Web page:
Today, the EU food safety agency criticized the use of conventional cages for rabbit farming in a new study. We welcome this report and call on the European Commission to use the latest scientific evidence and improve the lives of rabbits in the EU.
In the new report, released today, the European Food Safety Authority (EFSA) concluded that the welfare of rabbits is lower in conventional cages, compared to other systems. The key welfare issue for adult rabbits is that their movement is restricted. EFSA also concludes that organic systems are generally good.
This study follows a request by the European Parliament. In 2017, following an enthusiastic campaign by the supporters of Compassion in World Farming, the European Parliament called on the EU Commission to propose new legislation with minimum standards for farmed rabbits, and asked EFSA to produce this scientific study.
“Today, the EU food safety agency issued a scientific opinion, shedding light on the hard fate of the millions of rabbits, silently suffering in cages across the EU for all of their lives," said Olga Kikou, Head of Compassion in World Farming EU. "We call on the new EU Commission to listen to the advice of this agency and take measures to better protect rabbits. This includes proposing new, species-specific legislation for rabbits, which is lacking at the moment. This would be a big win for animals across Europe, as rabbits are the second most farmed species in the EU in terms of numbers.”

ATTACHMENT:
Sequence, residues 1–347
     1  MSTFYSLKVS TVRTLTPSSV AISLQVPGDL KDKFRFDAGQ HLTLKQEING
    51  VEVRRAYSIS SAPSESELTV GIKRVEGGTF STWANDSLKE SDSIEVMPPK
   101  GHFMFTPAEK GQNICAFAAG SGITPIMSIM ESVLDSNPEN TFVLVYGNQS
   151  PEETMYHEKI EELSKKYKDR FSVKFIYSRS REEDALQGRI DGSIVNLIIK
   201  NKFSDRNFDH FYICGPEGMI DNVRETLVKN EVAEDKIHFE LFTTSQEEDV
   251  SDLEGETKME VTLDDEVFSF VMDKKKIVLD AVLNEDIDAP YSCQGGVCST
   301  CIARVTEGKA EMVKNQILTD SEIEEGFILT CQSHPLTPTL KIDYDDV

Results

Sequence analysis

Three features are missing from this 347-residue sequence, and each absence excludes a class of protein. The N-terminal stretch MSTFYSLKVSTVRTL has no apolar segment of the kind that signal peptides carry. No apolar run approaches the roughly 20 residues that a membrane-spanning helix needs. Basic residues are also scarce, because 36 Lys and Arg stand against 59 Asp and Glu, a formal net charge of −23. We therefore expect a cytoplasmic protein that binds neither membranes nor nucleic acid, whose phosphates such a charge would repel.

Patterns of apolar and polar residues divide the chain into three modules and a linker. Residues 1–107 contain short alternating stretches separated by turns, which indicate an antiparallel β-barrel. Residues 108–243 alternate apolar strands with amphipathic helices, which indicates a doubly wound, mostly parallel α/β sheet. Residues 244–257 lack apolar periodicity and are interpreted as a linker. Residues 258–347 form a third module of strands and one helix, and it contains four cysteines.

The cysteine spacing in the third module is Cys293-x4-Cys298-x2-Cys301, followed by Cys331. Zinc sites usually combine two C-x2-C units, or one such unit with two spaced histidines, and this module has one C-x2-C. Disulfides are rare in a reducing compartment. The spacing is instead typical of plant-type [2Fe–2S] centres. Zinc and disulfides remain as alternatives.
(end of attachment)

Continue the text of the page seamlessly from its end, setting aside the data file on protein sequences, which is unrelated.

“We also call on the new European Commission to ban cages for all animals, including hens, sows, calves, ducks and geese," Olga continued. "When caged, these animals live in similarly miserable conditions and cannot perform the most basic natural behaviors. The recent European Citizens’ Initiative to End the Cage Age has made it crystal clear that EU citizens care deeply about farm animals, and that they want them out of cages. The EU must finally show leadership and do something about the concerns of its citizens.”